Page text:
Wednesday, March 7, 2012

Coire Dubh, Ice Skills Week, & Louise Falls

It's been a few weeks since I've posted anything on the blog. It's not because I haven't been ice climbing, but rather that I've been ice climbing so much I haven't had time for the computer! Conditions continue to be great on the ice, and I'm psyched that there are still 6 or 7 weeks of good ice climbing to be had!

Shortly after my last post, Shawn P. joined me again for another fun adventure. This time we chose the classic mixed climb Coire Dubh Integral for our day. With an early start we reached the start just after dawn, and Shawn did an awesome job of leading up through the ice climbing portion of the route. Soon we reached the rock, which was snowier than last time I was there, and began the many pitches of challenging drytooling. As usual, the first rock pitch was one of the cruxes, although a chimney section as well as a cornice on the final pitch provided lots of challenge as well. The weather was great on the climb, but once we reached the ridge the wind was so strong that we could barely open our eyes! So, instead of the usual descent down the ridge, we stumbled straight down the backside into the valley below. This turned out to be almost as fast, and is a really cool valley with some sculpted canyons and easy travel.

Shawn leading on Coire Dubh.

Climbing one of the rock pitches on Coire Dubh.

A couple days later I was joined by Andrew & Mary for the Ice Skills Week. They had both done some climbing before, so we were able to practice tons of skills including leading & multipitch climbing. It was a super fun week and I think they were both ready for a rest day after 5 full days on the ice! On day 1 we headed to Haffner Creek for some laps on the steep pillars, a bit of mixed climbing, and a review of various ice climbing skills.

Mary top-roping at Haffner Creek.

On Tuesday we headed up to the Wedge Smear and concentrated on lead climbing skills. They both got a couple of good leads in, and we also top-roped some thin-ice routes on the right side.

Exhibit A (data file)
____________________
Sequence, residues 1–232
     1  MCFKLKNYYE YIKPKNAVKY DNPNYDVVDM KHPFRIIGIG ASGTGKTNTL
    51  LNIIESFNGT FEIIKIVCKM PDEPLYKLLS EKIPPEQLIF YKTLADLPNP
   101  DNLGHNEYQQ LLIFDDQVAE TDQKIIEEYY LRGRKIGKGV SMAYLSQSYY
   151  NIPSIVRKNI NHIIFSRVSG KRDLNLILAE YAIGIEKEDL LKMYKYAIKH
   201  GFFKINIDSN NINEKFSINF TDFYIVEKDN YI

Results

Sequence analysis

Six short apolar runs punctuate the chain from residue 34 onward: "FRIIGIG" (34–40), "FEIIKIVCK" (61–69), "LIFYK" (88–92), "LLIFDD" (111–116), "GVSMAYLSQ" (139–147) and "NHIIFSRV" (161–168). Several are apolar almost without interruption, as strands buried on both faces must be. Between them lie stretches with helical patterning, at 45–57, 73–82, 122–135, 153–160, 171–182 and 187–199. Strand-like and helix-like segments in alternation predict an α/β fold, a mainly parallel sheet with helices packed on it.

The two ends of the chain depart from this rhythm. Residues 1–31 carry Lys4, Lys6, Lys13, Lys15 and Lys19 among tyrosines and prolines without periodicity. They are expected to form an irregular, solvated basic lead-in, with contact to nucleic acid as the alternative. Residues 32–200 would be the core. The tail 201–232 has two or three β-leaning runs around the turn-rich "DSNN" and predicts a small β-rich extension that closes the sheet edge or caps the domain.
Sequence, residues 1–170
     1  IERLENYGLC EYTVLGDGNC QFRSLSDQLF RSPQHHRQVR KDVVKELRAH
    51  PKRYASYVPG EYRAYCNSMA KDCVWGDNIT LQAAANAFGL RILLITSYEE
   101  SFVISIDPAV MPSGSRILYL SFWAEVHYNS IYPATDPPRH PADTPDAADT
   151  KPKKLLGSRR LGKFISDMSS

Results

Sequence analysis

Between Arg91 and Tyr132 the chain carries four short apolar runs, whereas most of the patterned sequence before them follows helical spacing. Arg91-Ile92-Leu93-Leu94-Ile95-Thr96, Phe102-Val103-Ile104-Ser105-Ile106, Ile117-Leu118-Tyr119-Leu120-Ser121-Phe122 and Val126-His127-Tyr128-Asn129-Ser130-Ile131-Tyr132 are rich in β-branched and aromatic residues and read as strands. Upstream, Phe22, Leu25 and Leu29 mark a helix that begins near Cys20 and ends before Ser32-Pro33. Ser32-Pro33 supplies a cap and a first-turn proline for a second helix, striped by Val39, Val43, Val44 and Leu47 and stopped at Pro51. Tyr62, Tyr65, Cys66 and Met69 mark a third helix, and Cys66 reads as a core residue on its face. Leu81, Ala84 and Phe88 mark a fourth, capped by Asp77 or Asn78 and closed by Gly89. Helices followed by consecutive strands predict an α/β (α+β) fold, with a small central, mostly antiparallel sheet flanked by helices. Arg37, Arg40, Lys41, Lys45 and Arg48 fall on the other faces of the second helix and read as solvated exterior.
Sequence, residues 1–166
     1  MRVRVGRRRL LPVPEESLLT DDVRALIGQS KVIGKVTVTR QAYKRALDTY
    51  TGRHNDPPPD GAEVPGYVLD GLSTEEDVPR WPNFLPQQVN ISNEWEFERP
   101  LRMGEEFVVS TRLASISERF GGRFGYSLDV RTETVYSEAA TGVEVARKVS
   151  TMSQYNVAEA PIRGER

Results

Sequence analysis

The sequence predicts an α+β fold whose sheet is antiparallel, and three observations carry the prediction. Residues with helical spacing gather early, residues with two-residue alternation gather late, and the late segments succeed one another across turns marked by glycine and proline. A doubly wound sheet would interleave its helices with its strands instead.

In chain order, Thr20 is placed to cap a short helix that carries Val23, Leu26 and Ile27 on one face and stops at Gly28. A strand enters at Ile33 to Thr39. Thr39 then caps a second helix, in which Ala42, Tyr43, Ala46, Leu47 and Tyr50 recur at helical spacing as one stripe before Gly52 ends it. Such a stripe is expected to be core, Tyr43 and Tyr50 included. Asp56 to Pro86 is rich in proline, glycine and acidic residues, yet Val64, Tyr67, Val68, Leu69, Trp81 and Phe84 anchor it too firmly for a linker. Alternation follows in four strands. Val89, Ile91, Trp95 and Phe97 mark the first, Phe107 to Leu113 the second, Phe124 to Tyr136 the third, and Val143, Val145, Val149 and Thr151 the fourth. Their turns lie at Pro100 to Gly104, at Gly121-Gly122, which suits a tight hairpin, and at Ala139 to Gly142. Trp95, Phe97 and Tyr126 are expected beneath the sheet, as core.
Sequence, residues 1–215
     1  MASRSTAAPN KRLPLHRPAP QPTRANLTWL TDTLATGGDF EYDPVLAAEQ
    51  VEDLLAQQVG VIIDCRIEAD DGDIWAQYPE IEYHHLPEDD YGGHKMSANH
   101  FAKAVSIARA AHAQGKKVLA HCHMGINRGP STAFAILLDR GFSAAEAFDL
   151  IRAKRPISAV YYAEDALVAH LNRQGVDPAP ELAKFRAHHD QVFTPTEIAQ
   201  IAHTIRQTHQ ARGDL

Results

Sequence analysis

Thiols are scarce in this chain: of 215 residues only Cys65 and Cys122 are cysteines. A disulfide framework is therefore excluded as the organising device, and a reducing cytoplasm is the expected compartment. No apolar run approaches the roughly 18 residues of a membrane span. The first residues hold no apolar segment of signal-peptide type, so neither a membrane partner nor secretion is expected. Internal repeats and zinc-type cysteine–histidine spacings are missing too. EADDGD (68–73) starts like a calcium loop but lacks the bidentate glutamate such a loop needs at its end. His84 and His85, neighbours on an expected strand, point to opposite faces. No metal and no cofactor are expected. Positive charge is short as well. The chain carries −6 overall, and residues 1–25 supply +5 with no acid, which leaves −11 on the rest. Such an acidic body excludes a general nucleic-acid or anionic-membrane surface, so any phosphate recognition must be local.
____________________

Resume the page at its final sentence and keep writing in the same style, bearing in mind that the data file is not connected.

Andrew at the Wedge Smear.

The next day we started putting it all together with some multipitching on Rogan's Gully near Banff. Mary & Andrew swapped leads the whole way, and did an awesome job of leading, setting up anchors, and rope management. The last pitch was the crux with some sun-rotted ice. The descent down through the rocks on the right was good practice too with scrambling with crampons on and one short rappel.

Andrew leading the first pitch of Rogan's Gully.

Mary looking solid as she leads on Rogan's Gully.

The next day we decided to head to King Creek for some more skills practice and leading. We climbed pretty much every piece of ice in there during the day.

Mary on the left-hand route in King Creek.

For our final day, we went up Evan's Thomas Creek and climbed Moonlight (WI4, 100m) which had a couple of steep sections up high and overall excellent climbing. Afterwards we did a lap up Chantilly Falls with Andrew & Mary once again swapping leads. Unfortunately I forgot my camera.

Overall it was a really fun week and I hope Andrew & Mary have long & enjoyable ice climbing careers!

A couple days later, Dan & Tezla from Calgary joined me for an ascent of Louise Falls. We left Canmore early since it's a popular route, and were happy to be the first ones there. By the time we were on the last pitch there were 7 people climbing below us, some of whom made the stupid & dangerous decision to climb directly in the line of our ice fall. This is something that is NEVER OK while ice climbing, and is one of the leading causes of accidents. Fortunately, we were able to climb carefully and nobody got hurt. The climb itself was great, and we took the steepest line possible by climbing the right-hand pillar on the crux section which involved squeezing out a small hole onto steep WI5 ice, super fun!

My backside squeezing through the hole onto the crux pillar with Tezla belaying. Photo: Dan C.

Me starting up the 2nd pitch on Louise Falls.

Since then I've climbed the Central Pillar on the Weeping Wall and Kemosabe in the Waiparious, more on those ascents soon!

J. Mills

No comments:

Post a Comment